We have been trying for many years -- 12 to 14 years -- to develop a partnership with Russia. Clearly, the actions of the last four or five months are not the actions of a partner. So now we have to redefine that. We have to approach how we will go forward. And you see NATO and other nations taking those actions, which set the conditions for how we need to be able to relate in the short term.
But in the long term, we're going to have to reach accommodation of some sort and understanding in order, I think, to move forward for a prosperous Europe. I think Russia has to be a part of a prosperous Europe. And so that's kind of what I said.
So how does NATO fit into that? Well, there are a lot of bilateral relationships in NATO with Russia, which will be a big part of defining the future, both fiscally and militarily. We in NATO are held together, as you know, because we share common values, common morals. And what we would hope is to build a Europe that shares those common values and common morals. Changing international borders by force is not a part of that framework, and that's what we've got to work through in the short term.
Q: General, Andrew Tilghman with Military Times. You mentioned a few minutes ago that the assurance measures will continue. I'm wondering, does that specifically include the rotational presence of the U.S. forces that had been shifted eastward over the past several months? And if so, can you offer any further clarity on your thinking about long-term force levels in EUCOM? I think the last time you were here, you said that before there was any discussion of maybe taking them upwards, you wanted to put a hard stop on the drawdown that had been underway up until earlier this year.
What's the status of that? Is there still some drawdown on the table? Has there been kind of an implicit hard stop put on that? Do you think that we might move -- tick upward in the future?
GEN. BREEDLOVE: So the simple answer to your first question about, will the U.S. participation in the rotations in the current force presence continue? The simple answer is yes. We -- as you know, the assurance measures that we effected very quickly involved European-based forces, the 173rd, elements of the 173rd in four locations, the three Baltics and Poland. Those forces will be relieved in October by a U.S.-based force, and we plan to, as I mentioned earlier, we were given the task during the summit to maintain these assurance measures until we were able to put in place the longer-term adaptations that we agreed to in the RAP. And so U.S. forces will be a part of that rotational force that continues, and U.S. forces will be a part of that longer-term adaptation.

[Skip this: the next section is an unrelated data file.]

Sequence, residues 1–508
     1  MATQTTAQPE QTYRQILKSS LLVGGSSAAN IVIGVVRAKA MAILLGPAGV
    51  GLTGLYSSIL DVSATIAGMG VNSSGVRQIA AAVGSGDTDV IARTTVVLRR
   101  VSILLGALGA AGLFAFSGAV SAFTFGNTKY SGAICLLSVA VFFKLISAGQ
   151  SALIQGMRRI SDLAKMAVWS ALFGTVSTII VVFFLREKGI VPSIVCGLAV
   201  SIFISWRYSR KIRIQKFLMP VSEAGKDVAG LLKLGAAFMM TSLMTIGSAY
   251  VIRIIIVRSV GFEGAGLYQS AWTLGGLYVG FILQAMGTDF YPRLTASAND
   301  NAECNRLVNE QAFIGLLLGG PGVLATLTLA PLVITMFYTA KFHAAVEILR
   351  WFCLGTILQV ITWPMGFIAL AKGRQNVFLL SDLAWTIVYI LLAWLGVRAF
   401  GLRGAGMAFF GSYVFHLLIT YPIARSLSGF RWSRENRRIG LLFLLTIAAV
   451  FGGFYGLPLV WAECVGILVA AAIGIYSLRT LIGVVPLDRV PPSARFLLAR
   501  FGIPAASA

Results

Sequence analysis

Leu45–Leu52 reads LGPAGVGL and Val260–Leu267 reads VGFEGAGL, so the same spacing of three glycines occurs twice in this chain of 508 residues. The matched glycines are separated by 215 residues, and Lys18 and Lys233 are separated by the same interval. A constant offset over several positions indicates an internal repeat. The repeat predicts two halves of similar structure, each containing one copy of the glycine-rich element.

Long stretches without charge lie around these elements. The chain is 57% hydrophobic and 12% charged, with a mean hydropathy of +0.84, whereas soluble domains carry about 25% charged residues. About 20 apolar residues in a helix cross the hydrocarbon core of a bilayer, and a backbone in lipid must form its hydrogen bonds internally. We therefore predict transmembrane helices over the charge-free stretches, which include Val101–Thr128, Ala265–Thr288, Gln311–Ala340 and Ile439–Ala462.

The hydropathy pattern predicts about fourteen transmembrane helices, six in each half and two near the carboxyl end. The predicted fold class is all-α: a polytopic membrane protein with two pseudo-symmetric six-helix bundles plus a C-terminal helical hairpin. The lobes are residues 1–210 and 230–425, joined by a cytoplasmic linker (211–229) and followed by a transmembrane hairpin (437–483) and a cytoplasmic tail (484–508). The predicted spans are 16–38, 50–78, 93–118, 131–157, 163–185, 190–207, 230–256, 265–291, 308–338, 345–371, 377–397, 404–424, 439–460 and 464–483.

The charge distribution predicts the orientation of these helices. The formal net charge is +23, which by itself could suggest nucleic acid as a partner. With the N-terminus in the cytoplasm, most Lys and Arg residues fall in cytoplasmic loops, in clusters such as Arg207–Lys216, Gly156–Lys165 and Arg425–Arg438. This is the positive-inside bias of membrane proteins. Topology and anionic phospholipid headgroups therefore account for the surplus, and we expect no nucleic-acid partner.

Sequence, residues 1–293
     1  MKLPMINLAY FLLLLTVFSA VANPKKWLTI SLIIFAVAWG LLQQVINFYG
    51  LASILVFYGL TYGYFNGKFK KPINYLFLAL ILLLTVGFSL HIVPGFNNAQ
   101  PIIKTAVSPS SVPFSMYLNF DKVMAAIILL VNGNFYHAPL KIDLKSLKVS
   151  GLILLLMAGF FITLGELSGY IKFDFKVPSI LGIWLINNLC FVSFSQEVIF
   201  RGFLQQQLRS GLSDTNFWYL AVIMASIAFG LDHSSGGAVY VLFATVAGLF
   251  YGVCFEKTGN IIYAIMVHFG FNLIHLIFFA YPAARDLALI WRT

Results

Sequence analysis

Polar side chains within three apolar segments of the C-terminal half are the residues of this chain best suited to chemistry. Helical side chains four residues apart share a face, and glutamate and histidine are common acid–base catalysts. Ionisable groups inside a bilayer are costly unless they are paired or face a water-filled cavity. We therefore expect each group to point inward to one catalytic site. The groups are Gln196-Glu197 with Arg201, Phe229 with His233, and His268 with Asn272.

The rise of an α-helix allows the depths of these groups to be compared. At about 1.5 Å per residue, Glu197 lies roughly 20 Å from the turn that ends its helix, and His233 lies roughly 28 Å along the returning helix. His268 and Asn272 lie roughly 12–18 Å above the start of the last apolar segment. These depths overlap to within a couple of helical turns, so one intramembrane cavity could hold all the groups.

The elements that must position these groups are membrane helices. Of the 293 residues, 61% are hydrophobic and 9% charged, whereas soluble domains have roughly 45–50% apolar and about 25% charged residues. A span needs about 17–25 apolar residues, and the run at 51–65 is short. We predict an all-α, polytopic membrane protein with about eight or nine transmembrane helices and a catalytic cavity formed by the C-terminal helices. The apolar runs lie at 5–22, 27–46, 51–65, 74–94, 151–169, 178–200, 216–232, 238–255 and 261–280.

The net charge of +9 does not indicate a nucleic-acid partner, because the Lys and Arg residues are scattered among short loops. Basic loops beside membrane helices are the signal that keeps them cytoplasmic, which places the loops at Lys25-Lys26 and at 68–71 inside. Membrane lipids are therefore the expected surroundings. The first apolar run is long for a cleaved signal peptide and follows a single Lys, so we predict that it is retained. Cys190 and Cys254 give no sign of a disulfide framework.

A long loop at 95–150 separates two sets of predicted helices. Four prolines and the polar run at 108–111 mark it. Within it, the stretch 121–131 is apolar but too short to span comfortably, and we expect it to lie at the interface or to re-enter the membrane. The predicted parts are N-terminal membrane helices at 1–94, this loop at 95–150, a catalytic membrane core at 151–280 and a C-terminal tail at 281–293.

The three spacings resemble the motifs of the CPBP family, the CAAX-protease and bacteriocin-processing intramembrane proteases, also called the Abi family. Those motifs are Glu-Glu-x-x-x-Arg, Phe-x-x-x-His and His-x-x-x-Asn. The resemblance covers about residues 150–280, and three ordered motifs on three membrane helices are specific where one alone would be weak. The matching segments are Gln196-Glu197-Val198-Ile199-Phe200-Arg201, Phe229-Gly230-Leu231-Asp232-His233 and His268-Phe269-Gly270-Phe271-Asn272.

What I have said several times about EUCOM forces is the bottom line -- is straightforward. Currently, sequestration is the law of the land. Sequestration will make all of the services get smaller. As the services get smaller, there is pressure on overseas forces.
Currently, there are changes to overseas forces on the books, and this is a physics problem. Those changes are on automatic and will happen unless re-addressed. And so I have talked to leadership here about a function to re-address those decisions, because those sequester decisions were clearly made before Russia-Crimea, and so this -- I see this building now moving towards a review of those decisions.
And the longer-term status in EUCOM, I have been on record before, and that is, I believe that we still have infrastructure that could be brought down. And I support the ECI study that works on that. And I have made my inputs, and I think that they have been well heard.
I do not support any further force structure cuts, and that's why I've asked for a review of those cuts which are on the books and automatic, should we not take action to correct the effects of sequester.
Q: (off-mic) with Inside Defense. I understand you recently met with National Guard state officials, because the National Guard has this relationship with Eastern European countries. What role do you ascribe that program in -- in this bigger context? And how do you -- do you perhaps in that space understand Russian concerns that their immediate neighbors are, you know, tying themselves to the United States, which, in turn, leads to the conflict that we're seeing today?
GEN. BREEDLOVE: First of all, I don't agree with the supposition that you made at the end of your question that these associations lead to the conflict. I don't agree with that.